Only thing that lets the series down is the very open ending-knowing now that there won't be a second series will leave us forever wondering.........
'Party Animals' is a BBC production of eight episodes that saw only one season. That is a shame,as I became familiar with the characters I liked their stories and the way it was told.
This series reminded me of the US 'West Wing'. Young,energetic people in the place of power, assisting their bosses in their role in the big time, in this case 'Parilment'. The series MPs, advisors, researchers and lobbyists making their way through Westminster. Scott Foster plays Andrew Buchan, a lobbyist on the Labour side who is becoming increasingly tired and burnt out protecting and informing the rich and infamous. He lives with his younger brother Danny, played by Matt Smith, who works as a researcher for Junior Minister Jo Porter played by Raquel Cassidy. Danny Has a crush on the newintern Kirsty MacKenzie, played by Andrea Riseborough.
Ashika Chandrimani, plays Shelley Conn, the chief advisor to Shadow Minister James Northcote. they are having an affair, a risky prospect, no matter if he is married or not.
"The relationship between Scott and Danny feels, both are idealistic and take Fter their father who was a Labour Minister. Jo Porter is stressed with her job, her marriage and her child, and she brings this all to work, where Danny and Kirsty cater to her every whim. Politics in the office and on the big stage are well portrayed.
The tone of Party Animals is that of work, drink, drugs and sex. this is a nicely scripted series with the characters' motivation at the forefront. Scott Foster has a great deal of charisma, and I would bet he moves on quickly to some juicy parts. Shelly Conn is a superb actress as Matt Smith is an actor. These are young professionals with a career in front of them.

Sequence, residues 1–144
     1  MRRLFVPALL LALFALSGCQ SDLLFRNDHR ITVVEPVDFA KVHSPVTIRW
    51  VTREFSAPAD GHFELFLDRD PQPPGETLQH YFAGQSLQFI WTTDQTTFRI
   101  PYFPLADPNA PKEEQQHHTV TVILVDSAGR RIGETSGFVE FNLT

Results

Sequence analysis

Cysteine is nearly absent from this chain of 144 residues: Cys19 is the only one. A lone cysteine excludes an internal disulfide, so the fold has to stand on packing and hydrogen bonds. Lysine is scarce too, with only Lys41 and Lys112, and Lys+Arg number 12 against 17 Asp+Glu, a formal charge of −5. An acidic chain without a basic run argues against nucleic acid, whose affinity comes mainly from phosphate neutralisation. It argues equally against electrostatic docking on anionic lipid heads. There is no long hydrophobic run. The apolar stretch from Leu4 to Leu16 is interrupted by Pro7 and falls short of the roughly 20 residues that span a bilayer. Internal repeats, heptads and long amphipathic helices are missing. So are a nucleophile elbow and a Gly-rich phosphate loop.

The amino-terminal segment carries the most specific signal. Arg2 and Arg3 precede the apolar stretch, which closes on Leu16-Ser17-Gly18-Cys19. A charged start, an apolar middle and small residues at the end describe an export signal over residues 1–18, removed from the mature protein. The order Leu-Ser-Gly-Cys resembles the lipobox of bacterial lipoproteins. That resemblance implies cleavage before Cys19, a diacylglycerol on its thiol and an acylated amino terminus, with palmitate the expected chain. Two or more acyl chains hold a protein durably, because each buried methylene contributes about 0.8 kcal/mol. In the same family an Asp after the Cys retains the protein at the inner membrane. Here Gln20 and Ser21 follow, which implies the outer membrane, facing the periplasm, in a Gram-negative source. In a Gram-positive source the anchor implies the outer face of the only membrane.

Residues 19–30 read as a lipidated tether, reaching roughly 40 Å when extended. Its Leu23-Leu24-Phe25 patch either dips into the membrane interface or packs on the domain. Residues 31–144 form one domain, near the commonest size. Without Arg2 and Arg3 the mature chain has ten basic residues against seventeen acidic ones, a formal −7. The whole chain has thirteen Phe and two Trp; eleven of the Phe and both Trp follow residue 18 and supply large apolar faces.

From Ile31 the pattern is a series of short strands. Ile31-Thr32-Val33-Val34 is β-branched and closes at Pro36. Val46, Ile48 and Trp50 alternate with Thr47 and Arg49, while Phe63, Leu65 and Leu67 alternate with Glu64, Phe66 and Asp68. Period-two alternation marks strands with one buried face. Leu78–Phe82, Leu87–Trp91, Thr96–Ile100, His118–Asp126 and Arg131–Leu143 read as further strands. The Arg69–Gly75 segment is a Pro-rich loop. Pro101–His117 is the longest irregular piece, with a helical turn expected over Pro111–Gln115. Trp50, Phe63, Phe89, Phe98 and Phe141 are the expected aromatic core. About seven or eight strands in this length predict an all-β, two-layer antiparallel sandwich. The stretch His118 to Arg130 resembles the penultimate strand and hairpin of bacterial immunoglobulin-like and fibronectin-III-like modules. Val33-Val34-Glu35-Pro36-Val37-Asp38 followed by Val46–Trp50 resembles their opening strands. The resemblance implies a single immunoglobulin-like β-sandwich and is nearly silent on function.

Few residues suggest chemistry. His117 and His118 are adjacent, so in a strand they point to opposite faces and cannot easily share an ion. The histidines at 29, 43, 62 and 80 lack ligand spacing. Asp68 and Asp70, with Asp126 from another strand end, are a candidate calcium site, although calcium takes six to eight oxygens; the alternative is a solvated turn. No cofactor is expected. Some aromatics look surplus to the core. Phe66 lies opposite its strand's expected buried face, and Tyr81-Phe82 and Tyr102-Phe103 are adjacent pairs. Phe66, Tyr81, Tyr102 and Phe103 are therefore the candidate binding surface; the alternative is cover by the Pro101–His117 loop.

I was intrigued with this first series and am sorry to read there will not be a series two. It may be the title 'Party Animals' was off-putting.
Recommended . prisrob 04-01-13
on 5 November 2007
Intelligent, classy tv drama at its very best. Reviews were good but viewing figures not so, because the BBC originally aired it against a heavily-promoted series and then tucked away its repeat on BBC4, without alerting all those who had pleaded for a repeat. So pleased it's now on DVD. Bought mine, now getting one for a Christmas present.
on 6 May 2010
I have been hoping that this will get another TV airing since Matt Smith became the new Dr Who. This drama follows a pair of brothers Danny and Scott (Smith and hugely talented Andrew Buchan) who work behind the scenes in politics. Danny as the researcher for a junior minister and scott as a lobbyist. It follows them in the run up to a by-election in a seat which had been held by their father.
Lots of intrigue, double dealing, relationship and plot twists. The story is so realistic and well crafted it could have been a docudrama like 'The Deal'. Also featuring the impossibly beautiful Shelly Conn as the aspiring Tory Candidate and main love interest.
The writing by Ben Richards is as usual complex with well rounded, real characters and up to the minute storylines. The cast act this effortlessly in a really naturalistic way (there is way more talent in this production than their relative fame would indicate}.
The only thing I don't understand is why it never made it to a second series.